The payment for online text subscription (mainly in China) is generally tied to the specific work, and the payment is for the paid chapter update of a certain work. The online text platform will also provide VIP users with free rights to some popular works, but that is secondary. Most users pay for books they like.

Take popular games as an example: if “Honor of Kings” has launched a new hero, or “Genshin Impact” has launched a new character that can be drawn, and you just don’t like it, then you don’t have to buy anything related to this character at all. of anything. You don’t need to “retire” temporarily, because the game operator won’t charge you any “flat fees” for new characters. It is possible that you may feel a little bored because you often see this character’s activities on the game interface, but that’s it.

What if this new hero/character happens to be to your liking? Then spending money is a bottomless pit with multiple levels and stages. In “Honor of Kings”, you may first buy a hero skin with 488 coupons, then buy an epic skin with 888 coupons, then buy a legendary skin with 1688 coupons, and finally enter the “Xingyuan skin” the bottomless pit. In “Yuan Shen”, it takes a lot of money to extract this character, not to mention the various follow-up enhancement costs. It’s all voluntary, you’re paying for love, and game operators have managed to capture your “consumer surplus.”

The subscription-based content platform represented by Netflix has not only failed to do the above, but even went backwards. If I go back 20 or 30 years, at a DVD or video rental store, I can at least choose what to rent, and I can ask the store owner to show me a clip to see if it suits my taste; in front of a movie theater or video hall, I can at least choose what to rent. Judging which tickets to buy based on the posters and profiles. As a viewer, I’m paying for specific content, and rightfully so.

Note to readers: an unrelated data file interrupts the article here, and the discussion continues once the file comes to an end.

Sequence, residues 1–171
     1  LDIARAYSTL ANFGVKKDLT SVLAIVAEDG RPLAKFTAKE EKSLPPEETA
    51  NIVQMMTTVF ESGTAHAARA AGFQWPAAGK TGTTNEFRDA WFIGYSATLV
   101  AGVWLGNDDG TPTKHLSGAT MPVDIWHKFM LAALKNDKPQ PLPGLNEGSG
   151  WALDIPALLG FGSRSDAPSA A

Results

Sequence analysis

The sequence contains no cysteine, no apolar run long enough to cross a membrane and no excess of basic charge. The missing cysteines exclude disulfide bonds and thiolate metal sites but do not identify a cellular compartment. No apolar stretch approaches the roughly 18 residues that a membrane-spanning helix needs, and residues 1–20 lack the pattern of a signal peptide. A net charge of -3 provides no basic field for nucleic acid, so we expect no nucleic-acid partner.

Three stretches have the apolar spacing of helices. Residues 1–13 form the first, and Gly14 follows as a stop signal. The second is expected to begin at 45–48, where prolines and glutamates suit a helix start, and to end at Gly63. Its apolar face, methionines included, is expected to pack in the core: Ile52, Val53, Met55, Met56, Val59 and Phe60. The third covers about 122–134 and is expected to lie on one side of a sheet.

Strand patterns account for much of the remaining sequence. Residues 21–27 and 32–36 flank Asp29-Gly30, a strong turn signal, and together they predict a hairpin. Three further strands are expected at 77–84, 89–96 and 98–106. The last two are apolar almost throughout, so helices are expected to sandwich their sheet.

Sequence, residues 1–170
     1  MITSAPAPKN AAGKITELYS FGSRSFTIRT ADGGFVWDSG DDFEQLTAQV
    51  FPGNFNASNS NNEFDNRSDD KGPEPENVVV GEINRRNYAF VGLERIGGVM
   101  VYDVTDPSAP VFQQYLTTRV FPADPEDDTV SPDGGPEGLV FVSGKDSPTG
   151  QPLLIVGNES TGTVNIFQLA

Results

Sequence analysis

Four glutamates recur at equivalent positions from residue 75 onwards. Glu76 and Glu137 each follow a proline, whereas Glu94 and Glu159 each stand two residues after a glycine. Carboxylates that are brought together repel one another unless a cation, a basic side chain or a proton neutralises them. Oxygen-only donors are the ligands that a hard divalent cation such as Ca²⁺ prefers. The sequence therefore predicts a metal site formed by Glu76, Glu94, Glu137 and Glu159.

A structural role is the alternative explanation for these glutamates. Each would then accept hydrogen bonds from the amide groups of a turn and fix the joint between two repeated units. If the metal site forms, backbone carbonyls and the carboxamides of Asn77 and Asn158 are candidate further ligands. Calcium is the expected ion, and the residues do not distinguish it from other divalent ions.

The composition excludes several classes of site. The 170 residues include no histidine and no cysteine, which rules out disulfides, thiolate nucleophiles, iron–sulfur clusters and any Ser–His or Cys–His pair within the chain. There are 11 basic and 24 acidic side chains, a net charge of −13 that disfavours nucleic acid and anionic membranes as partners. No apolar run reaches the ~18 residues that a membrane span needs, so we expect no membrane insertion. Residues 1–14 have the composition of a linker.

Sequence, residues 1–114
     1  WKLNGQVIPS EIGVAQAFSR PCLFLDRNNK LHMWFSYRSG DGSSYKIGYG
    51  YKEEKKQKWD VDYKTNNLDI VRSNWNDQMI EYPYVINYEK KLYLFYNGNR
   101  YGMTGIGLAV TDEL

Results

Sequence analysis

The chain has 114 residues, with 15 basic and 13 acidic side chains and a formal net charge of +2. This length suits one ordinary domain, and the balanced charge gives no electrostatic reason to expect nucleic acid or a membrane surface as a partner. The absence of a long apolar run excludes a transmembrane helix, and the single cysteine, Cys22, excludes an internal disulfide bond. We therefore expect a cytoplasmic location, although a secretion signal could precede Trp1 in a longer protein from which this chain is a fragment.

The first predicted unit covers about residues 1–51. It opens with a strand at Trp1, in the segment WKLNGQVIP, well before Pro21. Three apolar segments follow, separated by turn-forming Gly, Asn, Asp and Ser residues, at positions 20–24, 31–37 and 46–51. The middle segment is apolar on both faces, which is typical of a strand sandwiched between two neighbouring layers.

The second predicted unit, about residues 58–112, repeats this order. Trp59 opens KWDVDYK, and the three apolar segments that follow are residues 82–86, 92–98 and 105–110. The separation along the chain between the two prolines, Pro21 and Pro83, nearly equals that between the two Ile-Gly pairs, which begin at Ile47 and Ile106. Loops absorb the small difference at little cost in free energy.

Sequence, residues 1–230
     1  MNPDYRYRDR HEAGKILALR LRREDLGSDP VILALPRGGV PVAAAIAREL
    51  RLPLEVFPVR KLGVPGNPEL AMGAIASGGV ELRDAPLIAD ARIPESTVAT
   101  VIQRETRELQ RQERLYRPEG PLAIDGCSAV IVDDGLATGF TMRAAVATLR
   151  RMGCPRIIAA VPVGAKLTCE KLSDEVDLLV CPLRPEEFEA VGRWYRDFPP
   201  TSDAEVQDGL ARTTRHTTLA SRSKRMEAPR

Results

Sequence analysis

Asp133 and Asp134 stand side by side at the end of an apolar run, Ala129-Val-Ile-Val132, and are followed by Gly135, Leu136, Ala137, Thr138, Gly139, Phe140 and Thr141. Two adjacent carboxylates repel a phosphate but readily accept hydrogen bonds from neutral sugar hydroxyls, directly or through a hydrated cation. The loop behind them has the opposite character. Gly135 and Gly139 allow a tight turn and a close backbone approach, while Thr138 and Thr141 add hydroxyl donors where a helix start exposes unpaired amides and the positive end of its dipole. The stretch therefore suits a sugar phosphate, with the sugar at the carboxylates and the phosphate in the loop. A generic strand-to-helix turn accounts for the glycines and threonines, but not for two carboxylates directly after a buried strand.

Then the owner of the DVD rental shop changed the rules: I pay a fixed monthly fee, and then I will receive a lot of content that is well-made, rich in themes, and burnt with sincerity; The content can also be viewed again at any time. These are all very good, the problem is that the shop owner is actually guessing my preferences. If he guesses right, the result is nothing more than that I continue to subscribe; if he guesses wrong, the result is that I lose. Incidentally, there are many DVD rental shops on the street, all of which have learned this inefficient business model and compete with each other in value-destructive competition.

The only advantage of the above rule is that it may be more stable when the economy is good – if consumers can easily earn $6,000 a month, and prices remain stable, then paying $35 to subscribe to three DVD rental stores at the same time is OK. accepted. Investors may even consider this model “superior” and destined to replace the old model.

Now everything is in its original shape. Game content that relies entirely on in-app purchases, or traditional movie content that relies on buyout systems, may indeed be unstable and cannot achieve “guaranteed income during droughts and floods”; but Netflix’s subscription payment model cannot do this. When the economy is in recession, the subscription model cannot keep the lower limit; when the economy is rising and high-quality content bursts, it cannot achieve a very high upper limit. Are there any advantages to such a business model?

(Disclaimer: This article only represents the author’s point of view and does not represent the position of